The Eastern, Western, Northern and Southern regions had an incidence rate of 4-9.5/100,000 among Saudi population. They showed a declining trend over the past 10 years. On the other hand, TB incidence among Saudis in the Central region increased from 6.4/100,000 in 1991 to 14.2 in 2010. This region has several large tertiary care hospitals caring for thousands of patients with debilitating and immune compromising diseases from other parts of the Kingdom. This may explain the rising disease trend in this region. Studies from low incidence countries have shown that major cities and urban areas have higher rates of TB than national levels. [17],[18],[19] In a recent study, many USA cities did not show a decreasing incidence of TB. [20] Migration to urban areas, increased population densities and larger proportion of foreign born population are the likely reasons for the higher incidence rates in these regions.

The remarkable economic and social developments and the large investments in health care services over the past 20 years are expected to have a positive impact on the incidence of TB in Saudi Arabia. Unfortunately, TB control seems to be facing challenges in several regions. The high influx of workers from high burden countries and the large volume of religious visitors together with many illegal immigrants in Makkah and Jazan regions are some of these challenges. There may also be some defects in NTP strategies that need to be evaluated and improved. One of the important handicaps in TB control is late diagnosis. Pulmonary TB patients are often diagnosed many weeks after the onset of symptoms. This diagnostic delay allows for transmission of the disease to many contacts. Emphasis on timely contact tracing and treatment of those with active or latent disease is one of the most important aspects of TB control. Clinicians caring for TB patients complain of defects in this particular area. The NTP needs to review its strategies, correct defects and improve TB control practices to make TB elimination an achievable goal.

   References Top

1.World Health organization. WHO Report 2012: Global Tuberculosis Control; 2012.  Back to cited text no. 1
2.Dye C, Maher D, Weil D, Espinal M, Raviglsone M. Targets for global tuberculosis control. Int J Tuberc Lung Dis 2006;10:460-2.  Back to cited text no. 2
3.Al-Kahtani NH, Al-Jeffri MH. Manual of the National TB Control Program. Ministry of Health; 2003.  Back to cited text no. 3
4.MOH, KSA, Annual statistical report 2011 (Arabic-English). Available from: [Last accessed on 2013 December 6].  Back to cited text no. 4
5.Talbot EA, Moore M, McCray E, Binkin NJ. Tuberculosis among foreign-born persons in the United States, 1993-1998. JAMA 2000;284:2894-900.  Back to cited text no. 5
6.Littleton J, Park J, Thornley C, Anderson A, Lawrence J. Migrants and tuberculosis: Analysing epidemiological data with ethnography. Aust N Z J Public Health 2008;32:142-9.  Back to cited text no. 6
7.Kim J, Langevin M, Wylie EL, McCarthy AE. The epidemiology of tuberculosis in Ottawa, Canada, 1995-2004. Int J Tuberc Lung Dis 2008;12:1128-33.  Back to cited text no. 7
8.Dye C, Lönnroth K, Jaramillo E, Williams BG, Raviglione M. Trends in tuberculosis incidence and their determinants in 134 countries. Bull World Health Organ 2009;87:683-91.  Back to cited text no. 8
9.China Tuberculosis Control Collaboration. The effect of tuberculosis control in China. Lancet 2004;364:417-22.  Back to cited text no. 9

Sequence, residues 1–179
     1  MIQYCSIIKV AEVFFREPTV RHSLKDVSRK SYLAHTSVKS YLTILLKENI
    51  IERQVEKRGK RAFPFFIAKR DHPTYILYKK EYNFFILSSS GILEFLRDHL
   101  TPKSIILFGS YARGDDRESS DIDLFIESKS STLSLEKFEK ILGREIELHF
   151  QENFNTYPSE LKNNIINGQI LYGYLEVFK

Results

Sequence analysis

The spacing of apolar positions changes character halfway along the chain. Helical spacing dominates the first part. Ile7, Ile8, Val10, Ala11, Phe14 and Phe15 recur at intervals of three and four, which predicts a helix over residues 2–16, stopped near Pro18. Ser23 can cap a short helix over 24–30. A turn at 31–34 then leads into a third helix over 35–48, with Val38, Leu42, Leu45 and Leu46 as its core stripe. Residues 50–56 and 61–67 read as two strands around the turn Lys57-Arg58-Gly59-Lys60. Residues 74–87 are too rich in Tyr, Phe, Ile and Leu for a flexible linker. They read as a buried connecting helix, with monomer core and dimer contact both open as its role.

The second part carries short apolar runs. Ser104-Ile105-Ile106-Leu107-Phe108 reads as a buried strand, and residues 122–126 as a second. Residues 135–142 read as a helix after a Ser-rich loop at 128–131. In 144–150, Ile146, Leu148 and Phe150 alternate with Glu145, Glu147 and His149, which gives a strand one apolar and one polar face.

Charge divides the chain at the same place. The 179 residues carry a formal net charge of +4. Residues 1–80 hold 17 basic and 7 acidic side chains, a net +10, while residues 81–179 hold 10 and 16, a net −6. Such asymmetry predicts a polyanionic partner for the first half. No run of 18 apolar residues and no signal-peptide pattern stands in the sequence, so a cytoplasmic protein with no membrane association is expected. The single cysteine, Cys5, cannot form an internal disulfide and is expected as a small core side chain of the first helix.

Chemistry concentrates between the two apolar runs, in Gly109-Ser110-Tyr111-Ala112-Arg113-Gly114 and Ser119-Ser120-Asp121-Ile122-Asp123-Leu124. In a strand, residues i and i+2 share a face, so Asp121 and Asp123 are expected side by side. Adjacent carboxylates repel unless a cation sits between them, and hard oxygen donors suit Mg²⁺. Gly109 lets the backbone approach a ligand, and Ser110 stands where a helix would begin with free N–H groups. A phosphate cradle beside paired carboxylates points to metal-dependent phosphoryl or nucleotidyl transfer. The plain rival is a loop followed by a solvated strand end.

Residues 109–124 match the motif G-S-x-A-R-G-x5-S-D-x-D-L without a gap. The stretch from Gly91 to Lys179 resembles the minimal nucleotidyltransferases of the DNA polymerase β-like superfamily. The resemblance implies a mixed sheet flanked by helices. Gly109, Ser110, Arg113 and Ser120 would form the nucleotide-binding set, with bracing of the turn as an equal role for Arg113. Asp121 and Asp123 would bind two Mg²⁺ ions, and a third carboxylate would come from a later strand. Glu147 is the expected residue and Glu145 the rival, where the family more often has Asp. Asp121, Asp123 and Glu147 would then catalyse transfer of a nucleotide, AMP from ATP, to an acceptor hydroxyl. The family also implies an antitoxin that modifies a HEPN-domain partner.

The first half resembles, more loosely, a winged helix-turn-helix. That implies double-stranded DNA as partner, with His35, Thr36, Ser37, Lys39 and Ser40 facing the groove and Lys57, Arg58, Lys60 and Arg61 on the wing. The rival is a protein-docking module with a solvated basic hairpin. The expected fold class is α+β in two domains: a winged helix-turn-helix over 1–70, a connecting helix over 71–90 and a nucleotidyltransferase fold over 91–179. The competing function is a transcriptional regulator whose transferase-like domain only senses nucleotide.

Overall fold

10.Suárez PG, Watt CJ, Alarcón E, Portocarrero J, Zavala D, Canales R, et al. The dynamics of tuberculosis in response to 10 years of intensive control effort in Peru. J Infect Dis 2001;184:473-8.  Back to cited text no. 10
11.Dowdy DW, Chaisson RE. The persistence of tuberculosis in the age of DOTS: Reassessing the effect of case detection. Bull World Health Organ 2009;87:296-304.  Back to cited text no. 11
12.Sandgren A, Hollo V, Huitric E, Kodmon C. Epidemiology of tuberculosis in the EU/EEA in 2010: Monitoring the progress towards tuberculosis elimination. Euro Surveill 2012;17:4-7.  Back to cited text no. 12
13.Korzeniewska-Kosela M, Krysl J, Müller N, Black W, Allen E, FitzGerald JM. Tuberculosis in young adults and the elderly. A prospective comparison study. Chest 1994;106:28-32.  Back to cited text no. 13
14.Rajagopalan S. Tuberculosis and aging: A global health problem. Clin Infect Dis 2001;33:1034-9.  Back to cited text no. 14
15.Al-Kassimi FA, Abdullah AK, al-Hajjaj MS, al-Orainey IO, Bamgboye EA, Chowdhury MN. Nationwide community survey of tuberculosis epidemiology in Saudi Arabia. Tuber Lung Dis 1993;74:254-60.  Back to cited text no. 15
16.Dubrow EL. Reactivation of tuberculosis: A problem of aging. J Am Geriatr Soc 1976;24:481-7.  Back to cited text no. 16
17.McGowan JE Jr, Blumberg HM. Inner-city tuberculosis in the USA. J Hosp Infect 1995;30 Suppl:282-95.  Back to cited text no. 17
18.Hayward AC, Darton T, Van-Tam JN, Watson JM, Coker R, Schwoebel V. Epidemiology and control of tuberculosis in Western European cities. Int J Tuberc Lung Dis 2003;7:751-7.  Back to cited text no. 18
19.Horwitz O, Knudsen J. A follow-up study of tuberculosis incidence and general mortality in various occupational-social groups of the Danish population. Bull World Health Organ 1961;24:793-805.  Back to cited text no. 19
20.Oren E, Winston CA, Pratt R, Robison VA, Narita M. Epidemiology of urban tuberculosis in the United States, 2000-2007. Am J Public Health 2011;101:1256-63.  Back to cited text no. 20


  [Figure 1], [Figure 2], [Figure 3]

  [Table 1], [Table 2], [Table 3]